Pilots have long used acrobatic maneuvers to test the limits of their airplanes. The same goes for flying drones. Professional pilots often gauge the limits of their drones and measure their level of mastery by flying such maneuvers.
Working with Intel, researchers have developed a quadrotor helicopter, or quadcopter, that can learn to fly acrobatic maneuvers. While a power loop or a barrel role might not be needed in conventional drone operations, a drone capable of performing such maneuvers is likely to be much more efficient. It can be pushed to its physical limits, make full use of its agility and speed, and cover more distance within its battery life.
The researchers developed a navigation algorithm that enables drones to autonomously perform various maneuvers using nothing more than onboard sensor measurements. To demonstrate the efficiency of their algorithm, the researchers flew maneuvers such as a power loop, a barrel roll, or a Matty Flip, during which the drone is subject to very high thrust and extreme angular acceleration.
At the core of the algorithm lies an artificial neural network that combines input from the onboard camera and sensors and translates this information directly into control commands. The neural network is trained exclusively through simulated acrobatic maneuvers. This has several advantages: Maneuvers can easily be simulated through reference trajectories and do not require expensive demonstrations by a human pilot. Training can scale to a large number of diverse maneuvers and does not pose any physical risk to the quadcopter.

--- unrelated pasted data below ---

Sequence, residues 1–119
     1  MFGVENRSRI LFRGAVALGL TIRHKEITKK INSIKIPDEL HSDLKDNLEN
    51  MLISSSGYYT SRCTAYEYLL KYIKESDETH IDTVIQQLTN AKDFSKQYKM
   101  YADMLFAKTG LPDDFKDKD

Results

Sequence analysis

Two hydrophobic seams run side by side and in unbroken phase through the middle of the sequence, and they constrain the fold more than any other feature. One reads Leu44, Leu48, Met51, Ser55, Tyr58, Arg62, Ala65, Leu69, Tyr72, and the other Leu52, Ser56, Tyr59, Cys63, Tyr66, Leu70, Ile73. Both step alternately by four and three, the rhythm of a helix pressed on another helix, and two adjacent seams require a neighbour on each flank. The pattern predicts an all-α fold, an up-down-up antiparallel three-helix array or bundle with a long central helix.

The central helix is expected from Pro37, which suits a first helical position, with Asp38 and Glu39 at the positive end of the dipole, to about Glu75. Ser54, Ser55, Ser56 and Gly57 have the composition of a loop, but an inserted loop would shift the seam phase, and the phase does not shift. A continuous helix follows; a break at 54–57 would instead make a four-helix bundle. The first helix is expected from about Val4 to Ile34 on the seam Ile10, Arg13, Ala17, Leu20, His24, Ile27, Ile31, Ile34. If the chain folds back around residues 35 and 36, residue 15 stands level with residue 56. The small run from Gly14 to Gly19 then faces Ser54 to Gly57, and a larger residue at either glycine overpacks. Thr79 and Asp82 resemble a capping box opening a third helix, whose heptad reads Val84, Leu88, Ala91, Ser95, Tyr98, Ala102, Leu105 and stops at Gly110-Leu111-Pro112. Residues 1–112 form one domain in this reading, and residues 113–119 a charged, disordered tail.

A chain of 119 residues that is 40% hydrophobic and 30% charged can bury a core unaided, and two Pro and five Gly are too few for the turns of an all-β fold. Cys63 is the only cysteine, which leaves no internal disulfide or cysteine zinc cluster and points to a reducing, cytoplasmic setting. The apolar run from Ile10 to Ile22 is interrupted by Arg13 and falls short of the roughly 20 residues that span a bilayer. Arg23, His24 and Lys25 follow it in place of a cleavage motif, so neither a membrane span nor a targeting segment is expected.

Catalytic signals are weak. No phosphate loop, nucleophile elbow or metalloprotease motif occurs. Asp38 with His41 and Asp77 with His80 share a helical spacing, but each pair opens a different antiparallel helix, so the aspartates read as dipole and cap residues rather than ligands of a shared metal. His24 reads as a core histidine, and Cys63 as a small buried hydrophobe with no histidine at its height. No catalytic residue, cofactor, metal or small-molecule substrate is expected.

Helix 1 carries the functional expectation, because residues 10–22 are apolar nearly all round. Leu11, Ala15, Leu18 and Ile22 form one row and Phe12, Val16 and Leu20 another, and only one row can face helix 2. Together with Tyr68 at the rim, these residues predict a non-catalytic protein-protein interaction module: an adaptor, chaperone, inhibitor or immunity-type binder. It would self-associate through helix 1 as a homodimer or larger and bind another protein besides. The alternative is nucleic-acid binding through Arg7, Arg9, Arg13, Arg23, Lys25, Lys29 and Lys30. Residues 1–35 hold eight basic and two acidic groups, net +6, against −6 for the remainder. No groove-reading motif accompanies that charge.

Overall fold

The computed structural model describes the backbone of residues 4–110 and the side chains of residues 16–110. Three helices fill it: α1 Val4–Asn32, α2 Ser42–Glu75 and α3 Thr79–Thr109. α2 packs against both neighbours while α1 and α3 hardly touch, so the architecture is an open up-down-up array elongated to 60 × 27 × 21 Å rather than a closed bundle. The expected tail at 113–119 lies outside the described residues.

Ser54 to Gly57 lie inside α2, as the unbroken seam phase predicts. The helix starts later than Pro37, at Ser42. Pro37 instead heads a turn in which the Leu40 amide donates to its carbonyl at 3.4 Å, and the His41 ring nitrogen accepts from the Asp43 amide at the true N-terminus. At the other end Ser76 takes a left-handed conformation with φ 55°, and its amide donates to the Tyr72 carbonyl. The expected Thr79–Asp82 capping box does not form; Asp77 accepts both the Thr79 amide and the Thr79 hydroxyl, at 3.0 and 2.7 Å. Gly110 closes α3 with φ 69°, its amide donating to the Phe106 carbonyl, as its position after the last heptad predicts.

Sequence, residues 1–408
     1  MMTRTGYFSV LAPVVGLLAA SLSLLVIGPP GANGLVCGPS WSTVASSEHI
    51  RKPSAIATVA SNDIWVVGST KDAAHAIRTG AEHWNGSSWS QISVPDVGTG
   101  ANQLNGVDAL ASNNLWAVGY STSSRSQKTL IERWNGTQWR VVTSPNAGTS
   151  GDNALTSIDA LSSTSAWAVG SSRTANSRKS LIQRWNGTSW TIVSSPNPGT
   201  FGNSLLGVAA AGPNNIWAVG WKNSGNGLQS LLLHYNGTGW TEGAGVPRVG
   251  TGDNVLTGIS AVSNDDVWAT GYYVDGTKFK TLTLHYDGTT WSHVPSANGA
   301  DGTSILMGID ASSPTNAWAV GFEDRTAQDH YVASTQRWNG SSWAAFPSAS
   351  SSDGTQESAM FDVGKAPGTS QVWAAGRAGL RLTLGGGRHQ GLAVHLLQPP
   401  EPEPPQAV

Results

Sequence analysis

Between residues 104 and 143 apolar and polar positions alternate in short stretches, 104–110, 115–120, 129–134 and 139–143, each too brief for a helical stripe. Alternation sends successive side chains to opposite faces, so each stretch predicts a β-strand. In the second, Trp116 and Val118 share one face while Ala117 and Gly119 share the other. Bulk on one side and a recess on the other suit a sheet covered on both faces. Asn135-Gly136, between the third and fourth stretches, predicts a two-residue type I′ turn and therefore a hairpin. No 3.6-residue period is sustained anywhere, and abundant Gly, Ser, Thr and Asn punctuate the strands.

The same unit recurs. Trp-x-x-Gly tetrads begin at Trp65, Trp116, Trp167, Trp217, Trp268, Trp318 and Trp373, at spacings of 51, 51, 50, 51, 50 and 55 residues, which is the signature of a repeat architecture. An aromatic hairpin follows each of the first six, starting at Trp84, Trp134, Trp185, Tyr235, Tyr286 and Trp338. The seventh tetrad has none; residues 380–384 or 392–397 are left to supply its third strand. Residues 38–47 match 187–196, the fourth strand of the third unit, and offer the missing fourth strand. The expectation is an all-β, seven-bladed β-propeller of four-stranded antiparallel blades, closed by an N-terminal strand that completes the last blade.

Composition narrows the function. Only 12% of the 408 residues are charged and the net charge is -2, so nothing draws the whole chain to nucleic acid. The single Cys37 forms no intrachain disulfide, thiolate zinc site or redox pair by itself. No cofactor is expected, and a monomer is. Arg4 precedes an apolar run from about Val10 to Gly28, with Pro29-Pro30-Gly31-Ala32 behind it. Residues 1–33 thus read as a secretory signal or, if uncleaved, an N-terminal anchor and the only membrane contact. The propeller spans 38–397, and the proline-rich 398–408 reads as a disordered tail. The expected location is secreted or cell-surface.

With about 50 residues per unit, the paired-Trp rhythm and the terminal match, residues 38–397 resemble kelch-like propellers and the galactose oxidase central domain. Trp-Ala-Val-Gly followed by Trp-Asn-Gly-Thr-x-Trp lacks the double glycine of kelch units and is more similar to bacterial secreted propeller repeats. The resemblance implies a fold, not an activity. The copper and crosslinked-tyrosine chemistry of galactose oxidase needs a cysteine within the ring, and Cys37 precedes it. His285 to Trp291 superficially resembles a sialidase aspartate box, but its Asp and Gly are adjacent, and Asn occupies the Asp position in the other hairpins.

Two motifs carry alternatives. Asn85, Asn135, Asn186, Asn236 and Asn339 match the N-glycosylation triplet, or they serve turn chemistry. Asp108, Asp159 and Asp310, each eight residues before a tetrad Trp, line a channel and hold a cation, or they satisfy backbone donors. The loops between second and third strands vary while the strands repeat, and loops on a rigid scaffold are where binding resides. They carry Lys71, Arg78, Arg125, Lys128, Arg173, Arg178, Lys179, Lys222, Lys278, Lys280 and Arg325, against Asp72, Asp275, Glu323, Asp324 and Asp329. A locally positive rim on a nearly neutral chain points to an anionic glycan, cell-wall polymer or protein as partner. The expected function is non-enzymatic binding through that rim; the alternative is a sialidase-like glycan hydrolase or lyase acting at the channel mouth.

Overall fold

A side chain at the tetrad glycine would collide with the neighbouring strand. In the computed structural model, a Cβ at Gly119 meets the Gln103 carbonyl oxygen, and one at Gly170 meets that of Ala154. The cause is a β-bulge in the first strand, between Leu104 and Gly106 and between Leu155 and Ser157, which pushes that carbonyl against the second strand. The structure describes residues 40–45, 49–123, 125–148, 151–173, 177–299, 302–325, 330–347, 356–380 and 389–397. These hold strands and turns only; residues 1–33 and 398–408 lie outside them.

Only a few hours of simulation training are needed for the quadcopter to be ready for use, without requiring additional fine-tuning using real data. The algorithm uses abstraction of the sensory input from the simulations and transfers it to the physical world. The algorithm learns how to perform acrobatic maneuvers that are challenging even for the best human pilots.
Drones used for search and rescue missions or for delivery services will benefit from being able to cover long distances quickly and efficiently.
For more information, contact Prof. Dr. Davide Scaramuzza at